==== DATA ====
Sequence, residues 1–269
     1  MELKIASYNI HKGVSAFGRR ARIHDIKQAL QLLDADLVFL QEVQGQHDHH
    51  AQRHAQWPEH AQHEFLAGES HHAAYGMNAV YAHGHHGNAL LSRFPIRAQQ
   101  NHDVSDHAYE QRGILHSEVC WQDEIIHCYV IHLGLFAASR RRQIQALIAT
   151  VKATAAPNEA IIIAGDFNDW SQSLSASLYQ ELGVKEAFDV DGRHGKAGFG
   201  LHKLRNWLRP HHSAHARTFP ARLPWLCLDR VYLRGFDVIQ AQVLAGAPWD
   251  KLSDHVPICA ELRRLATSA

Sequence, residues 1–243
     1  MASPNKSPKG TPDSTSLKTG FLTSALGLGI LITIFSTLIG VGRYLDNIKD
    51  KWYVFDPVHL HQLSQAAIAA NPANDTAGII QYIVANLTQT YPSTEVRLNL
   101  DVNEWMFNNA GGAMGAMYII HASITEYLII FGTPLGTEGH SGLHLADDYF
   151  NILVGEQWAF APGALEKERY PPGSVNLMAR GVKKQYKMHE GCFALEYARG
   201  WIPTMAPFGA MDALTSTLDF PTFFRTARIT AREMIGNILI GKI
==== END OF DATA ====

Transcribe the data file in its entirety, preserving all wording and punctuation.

Sequence, residues 1–269
     1  MELKIASYNI HKGVSAFGRR ARIHDIKQAL QLLDADLVFL QEVQGQHDHH
    51  AQRHAQWPEH AQHEFLAGES HHAAYGMNAV YAHGHHGNAL LSRFPIRAQQ
   101  NHDVSDHAYE QRGILHSEVC WQDEIIHCYV IHLGLFAASR RRQIQALIAT
   151  VKATAAPNEA IIIAGDFNDW SQSLSASLYQ ELGVKEAFDV DGRHGKAGFG
   201  LHKLRNWLRP HHSAHARTFP ARLPWLCLDR VYLRGFDVIQ AQVLAGAPWD
   251  KLSDHVPICA ELRRLATSA

Sequence, residues 1–243
     1  MASPNKSPKG TPDSTSLKTG FLTSALGLGI LITIFSTLIG VGRYLDNIKD
    51  KWYVFDPVHL HQLSQAAIAA NPANDTAGII QYIVANLTQT YPSTEVRLNL
   101  DVNEWMFNNA GGAMGAMYII HASITEYLII FGTPLGTEGH SGLHLADDYF
   151  NILVGEQWAF APGALEKERY PPGSVNLMAR GVKKQYKMHE GCFALEYARG
   201  WIPTMAPFGA MDALTSTLDF PTFFRTARIT AREMIGNILI GKI